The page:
But that decision at City Council's Oct. 19 meeting came after two-and-a-half hours of deliberation and a high volume of resident input spanning months.
Developer Sunrise Partners LLC collaborated with the Estates of Oak Run Home Owners Association to build the Beverly Grove subdivision, a luxury residential community. As planned, Beverly Grove consists of 33 residential and four open space lots on 11.38 acres at 1301 Rufe Snow Drive, according to meeting documents.
The city mailed out 49 notices to all property owners within 300 feet of the proposed development Aug. 3, meeting documents stated. In order to build the development, a zoning change from retail to residential had to take place. The Keller Planning and Zoning Committee approved the change Aug. 24 with various conditions, such as a landscape buffer for residents who were concerned about privacy.
By the time of the City Council public hearing Sept. 21, city staff had received multiple letters and emails of opposition, according to the documents. Several residents spoke in opposition of the development during the public hearing, citing issues with the development’s size, destruction of trees, potential for increased traffic and reduction of privacy along with claims that the developer had changed its original plans and was not heeding resident concerns.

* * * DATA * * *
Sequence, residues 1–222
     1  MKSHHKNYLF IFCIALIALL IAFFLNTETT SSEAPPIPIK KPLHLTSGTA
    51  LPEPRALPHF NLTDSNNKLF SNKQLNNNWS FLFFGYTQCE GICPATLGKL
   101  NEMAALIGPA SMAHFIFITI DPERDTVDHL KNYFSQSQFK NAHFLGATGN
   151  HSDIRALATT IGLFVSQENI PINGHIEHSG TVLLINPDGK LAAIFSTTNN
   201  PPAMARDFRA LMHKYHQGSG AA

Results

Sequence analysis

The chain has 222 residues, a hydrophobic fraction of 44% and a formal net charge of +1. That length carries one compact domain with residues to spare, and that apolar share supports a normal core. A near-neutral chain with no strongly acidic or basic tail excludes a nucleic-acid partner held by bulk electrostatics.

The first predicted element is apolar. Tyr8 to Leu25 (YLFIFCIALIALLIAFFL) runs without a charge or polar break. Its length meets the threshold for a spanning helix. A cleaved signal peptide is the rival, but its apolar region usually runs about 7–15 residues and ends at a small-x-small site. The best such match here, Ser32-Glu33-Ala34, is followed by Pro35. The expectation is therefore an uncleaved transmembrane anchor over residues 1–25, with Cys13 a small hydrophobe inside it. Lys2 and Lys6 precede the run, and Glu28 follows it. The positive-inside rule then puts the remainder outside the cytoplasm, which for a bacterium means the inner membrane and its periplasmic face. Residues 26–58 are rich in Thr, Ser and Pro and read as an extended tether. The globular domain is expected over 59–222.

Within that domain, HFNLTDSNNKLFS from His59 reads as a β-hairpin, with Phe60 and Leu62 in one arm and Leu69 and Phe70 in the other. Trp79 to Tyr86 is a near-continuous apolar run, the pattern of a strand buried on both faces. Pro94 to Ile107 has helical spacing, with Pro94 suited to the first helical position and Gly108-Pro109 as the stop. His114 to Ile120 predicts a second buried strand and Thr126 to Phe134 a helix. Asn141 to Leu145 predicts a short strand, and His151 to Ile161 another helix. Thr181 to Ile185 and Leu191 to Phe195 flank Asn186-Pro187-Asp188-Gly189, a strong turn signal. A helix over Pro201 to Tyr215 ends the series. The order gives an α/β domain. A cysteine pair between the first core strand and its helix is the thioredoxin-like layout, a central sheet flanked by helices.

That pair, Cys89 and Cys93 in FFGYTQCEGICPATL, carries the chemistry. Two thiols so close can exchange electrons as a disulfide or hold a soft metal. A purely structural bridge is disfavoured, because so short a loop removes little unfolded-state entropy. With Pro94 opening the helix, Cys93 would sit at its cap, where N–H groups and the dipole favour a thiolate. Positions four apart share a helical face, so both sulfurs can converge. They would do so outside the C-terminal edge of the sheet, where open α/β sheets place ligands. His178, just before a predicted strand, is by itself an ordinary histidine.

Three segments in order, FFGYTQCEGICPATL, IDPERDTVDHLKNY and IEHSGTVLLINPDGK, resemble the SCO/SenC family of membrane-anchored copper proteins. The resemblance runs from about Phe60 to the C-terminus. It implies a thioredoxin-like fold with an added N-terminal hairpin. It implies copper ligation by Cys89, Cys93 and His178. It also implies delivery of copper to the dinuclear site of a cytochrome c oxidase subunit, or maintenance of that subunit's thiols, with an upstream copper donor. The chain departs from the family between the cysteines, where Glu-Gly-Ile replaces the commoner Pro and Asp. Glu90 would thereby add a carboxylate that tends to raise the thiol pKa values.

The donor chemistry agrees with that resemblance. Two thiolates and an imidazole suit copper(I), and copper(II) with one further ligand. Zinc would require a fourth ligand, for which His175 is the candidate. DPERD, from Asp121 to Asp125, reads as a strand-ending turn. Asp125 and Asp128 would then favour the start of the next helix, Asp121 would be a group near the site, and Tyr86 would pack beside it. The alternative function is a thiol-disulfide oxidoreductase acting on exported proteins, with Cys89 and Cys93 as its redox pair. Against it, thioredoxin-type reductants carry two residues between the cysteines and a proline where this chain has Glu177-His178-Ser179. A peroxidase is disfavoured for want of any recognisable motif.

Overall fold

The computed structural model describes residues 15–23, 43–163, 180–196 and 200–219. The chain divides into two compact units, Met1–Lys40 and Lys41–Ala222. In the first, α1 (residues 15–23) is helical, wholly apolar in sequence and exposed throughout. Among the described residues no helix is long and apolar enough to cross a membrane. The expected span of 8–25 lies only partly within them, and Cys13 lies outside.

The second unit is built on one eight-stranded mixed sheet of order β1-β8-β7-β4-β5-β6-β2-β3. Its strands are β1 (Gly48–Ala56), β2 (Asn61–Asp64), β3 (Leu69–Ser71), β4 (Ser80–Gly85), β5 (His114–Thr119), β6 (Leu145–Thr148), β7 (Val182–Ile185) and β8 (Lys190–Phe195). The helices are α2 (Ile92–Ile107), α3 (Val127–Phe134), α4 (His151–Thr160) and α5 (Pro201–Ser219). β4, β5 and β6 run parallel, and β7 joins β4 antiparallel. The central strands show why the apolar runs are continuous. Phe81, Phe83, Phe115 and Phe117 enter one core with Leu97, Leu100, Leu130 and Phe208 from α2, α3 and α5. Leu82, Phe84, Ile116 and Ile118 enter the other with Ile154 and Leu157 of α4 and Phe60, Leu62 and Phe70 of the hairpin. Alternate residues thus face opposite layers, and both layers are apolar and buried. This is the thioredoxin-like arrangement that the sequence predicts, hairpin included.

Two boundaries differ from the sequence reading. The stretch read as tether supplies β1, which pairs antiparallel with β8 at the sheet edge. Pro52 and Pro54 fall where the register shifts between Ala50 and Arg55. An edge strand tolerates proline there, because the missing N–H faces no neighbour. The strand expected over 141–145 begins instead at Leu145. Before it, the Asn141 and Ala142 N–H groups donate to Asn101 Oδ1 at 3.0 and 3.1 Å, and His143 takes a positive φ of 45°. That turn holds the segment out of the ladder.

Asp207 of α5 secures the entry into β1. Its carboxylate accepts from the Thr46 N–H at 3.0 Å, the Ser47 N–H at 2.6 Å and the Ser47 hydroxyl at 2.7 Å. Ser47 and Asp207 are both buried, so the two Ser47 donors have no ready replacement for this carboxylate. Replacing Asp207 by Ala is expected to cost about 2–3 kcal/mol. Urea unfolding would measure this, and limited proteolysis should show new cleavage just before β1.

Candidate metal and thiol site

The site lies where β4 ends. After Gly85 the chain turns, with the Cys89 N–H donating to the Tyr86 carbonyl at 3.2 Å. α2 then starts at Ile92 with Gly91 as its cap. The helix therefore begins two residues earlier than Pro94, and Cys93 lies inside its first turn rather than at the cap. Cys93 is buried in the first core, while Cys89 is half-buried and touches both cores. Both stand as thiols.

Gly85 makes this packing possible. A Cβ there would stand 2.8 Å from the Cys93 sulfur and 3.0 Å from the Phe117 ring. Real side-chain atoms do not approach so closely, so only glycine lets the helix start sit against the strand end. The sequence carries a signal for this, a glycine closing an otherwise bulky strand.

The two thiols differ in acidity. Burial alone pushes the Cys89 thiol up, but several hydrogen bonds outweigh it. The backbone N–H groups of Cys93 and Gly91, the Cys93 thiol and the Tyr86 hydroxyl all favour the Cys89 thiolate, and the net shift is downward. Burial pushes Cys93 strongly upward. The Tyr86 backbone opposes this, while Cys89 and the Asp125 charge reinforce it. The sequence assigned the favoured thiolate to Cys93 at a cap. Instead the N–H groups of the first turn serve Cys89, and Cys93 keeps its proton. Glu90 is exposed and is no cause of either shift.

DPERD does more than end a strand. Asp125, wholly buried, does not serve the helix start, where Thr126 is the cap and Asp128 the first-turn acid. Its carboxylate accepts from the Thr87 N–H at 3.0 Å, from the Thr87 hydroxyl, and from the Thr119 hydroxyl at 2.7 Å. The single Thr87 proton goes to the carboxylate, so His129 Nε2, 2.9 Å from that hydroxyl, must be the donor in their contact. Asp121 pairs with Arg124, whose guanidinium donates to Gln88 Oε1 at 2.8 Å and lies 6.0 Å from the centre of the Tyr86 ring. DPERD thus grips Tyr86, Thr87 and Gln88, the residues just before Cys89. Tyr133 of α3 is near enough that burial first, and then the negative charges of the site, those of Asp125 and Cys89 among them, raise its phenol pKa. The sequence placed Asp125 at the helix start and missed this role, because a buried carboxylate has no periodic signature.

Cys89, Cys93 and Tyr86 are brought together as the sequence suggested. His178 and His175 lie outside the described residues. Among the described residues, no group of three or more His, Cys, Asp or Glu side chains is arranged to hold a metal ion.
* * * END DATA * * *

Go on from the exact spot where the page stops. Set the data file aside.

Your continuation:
Keller City Council Members Ross McMullin, Chris Watley and Shannon Duberly were among those especially concerned about the development due to the high amount of resident opposition. The number of opposition letters totaled 16.53%, which was shy of the 20% supermajority, Julie Smith, Keller Community Development director, said at the hearing. But residents said that some letters had not been counted, so the council voted to table voting until its Oct. 19 meeting.
At the Oct. 19 meeting, 11 residents spoke in opposition of the development. But even with two missing letters now accounted for, they totaled 18.6%, Smith said.
After public comment and lengthy discussion between council members and Beverly Grove representatives, Mayor Pro Tem Sean Hicks made two separate motions to approve the zoning change—but neither received a second motion.
It was not until the Beverly Grove representatives agreed to additional conditions to meet resident concerns—which included making garage doors uniform, changes to access points, removing proposed sidewalks and adding live screening—that the council passed the zoning change unanimously.
“For the residents—we’ve, hopefully, illustrated how much we care about trying to get this project right,” McMullin said.